In Awe of the Imperfect Being
The dynamic context of education has always been a source of wonderment for me. It is never static, never boring, and always excites me with the possibilities each unique scenario unfolds. The vision of children sitting under a tree learning from their teacher during the olden days (prevalent even now in some parts of the world) is as enthralling to me as children sitting in a fully equipped classroom in a shiny, state of the art educational facility being taught by a trained and qualified subject specialist.
A major part of my career has been spent observing learning in different contexts over the years while devoting numerous hours to preparing and poring over perfectly scripted policies and plans. I still find myself asking the basic questions, ‘What are the right ingredients of a lesson that spell magic in the classroom? Is there such a thing as a perfect lesson?’ Well, my self-determined, self-proclaimed answer is a ‘No’,
The outstanding learning that one witnesses in a classroom stems from the most important resource, the imperfect teacher. Yes, she is ‘imperfect’ because it is her imperfections that make learning such a humane process. Our expectations sometimes drive us to expect the impossible from a teacher calculating and planning her lesson to the last minute with impeccable precision and skill. However, were it not for the human touch, that precise perception and the heightened sense of awareness of the needs of her students during a lesson, that a teacher is able to do justice to the power she has in her hands of shaping young minds.
The underlying principle is simple: trusting and supportive relationships. The inherent demand of this secret ingredient never fails to impress me when I see it in action. This aspect has become more prominent now in the array of hybrid, face to face, virtual, you-name-it-and-we-have-it scenarios. I think and I wonder at the powers teachers are equipped with, when in the current situation, they manage to keep the love for learning alive through those slight in-the-moment adjustments to their strategies.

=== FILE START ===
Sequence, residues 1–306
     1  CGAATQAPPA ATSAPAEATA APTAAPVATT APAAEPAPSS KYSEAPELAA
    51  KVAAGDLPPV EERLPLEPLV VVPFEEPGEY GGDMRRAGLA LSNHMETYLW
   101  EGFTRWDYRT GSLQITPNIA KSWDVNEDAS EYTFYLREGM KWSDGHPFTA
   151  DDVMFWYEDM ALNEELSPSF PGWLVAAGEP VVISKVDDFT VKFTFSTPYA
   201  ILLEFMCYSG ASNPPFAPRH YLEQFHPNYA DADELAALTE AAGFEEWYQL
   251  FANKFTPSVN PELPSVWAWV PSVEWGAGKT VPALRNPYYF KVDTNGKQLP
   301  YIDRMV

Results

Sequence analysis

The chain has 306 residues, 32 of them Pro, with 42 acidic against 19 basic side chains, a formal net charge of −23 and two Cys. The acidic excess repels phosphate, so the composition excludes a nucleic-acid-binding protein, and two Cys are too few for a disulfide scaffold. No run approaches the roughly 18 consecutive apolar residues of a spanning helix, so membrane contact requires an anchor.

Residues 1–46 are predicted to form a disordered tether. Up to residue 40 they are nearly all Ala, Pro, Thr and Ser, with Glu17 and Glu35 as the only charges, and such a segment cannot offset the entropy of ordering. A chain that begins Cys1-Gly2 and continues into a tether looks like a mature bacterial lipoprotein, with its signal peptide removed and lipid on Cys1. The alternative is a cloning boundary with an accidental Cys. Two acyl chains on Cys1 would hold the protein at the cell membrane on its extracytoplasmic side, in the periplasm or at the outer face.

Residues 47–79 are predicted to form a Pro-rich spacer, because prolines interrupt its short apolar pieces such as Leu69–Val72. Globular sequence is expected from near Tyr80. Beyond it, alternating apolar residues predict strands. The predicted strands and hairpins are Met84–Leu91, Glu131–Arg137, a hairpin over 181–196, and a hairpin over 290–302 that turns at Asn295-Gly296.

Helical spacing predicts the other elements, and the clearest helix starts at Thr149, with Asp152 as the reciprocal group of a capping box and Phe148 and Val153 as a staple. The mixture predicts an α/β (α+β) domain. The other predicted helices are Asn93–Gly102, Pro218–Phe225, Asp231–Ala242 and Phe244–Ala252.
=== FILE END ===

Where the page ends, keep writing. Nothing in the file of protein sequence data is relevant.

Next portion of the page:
That subtle change in question, that lame joke cracked to lighten the mood, those simulations hunted down for students to marvel at and learn from, the multi-tasking done while explaining a concept to ensure students apply their learning in those 50 minutes are things to wonder at every day. And if while doing so, all the criteria that make a perfect lesson are not ticked off, it is because in this imperfect teacher you find a super-responsive, super-adaptable, super-compassionate human being who will not be remembered for the knowledge she imparted but for the way she made her students feel in her classroom. That remains a constant in the ever-evolving world of education.
Voice of Tasneem Usman
Head of Teaching & Learning/Head of Senior School
An educator, who draws her inspiration from the many lessons her colleagues and students have taught her ever since she stepped into the academic world since 2006. A believer of Ken Robinson’s philosophy of education, considers her area of leadership and management an ever expansive and humbling experience.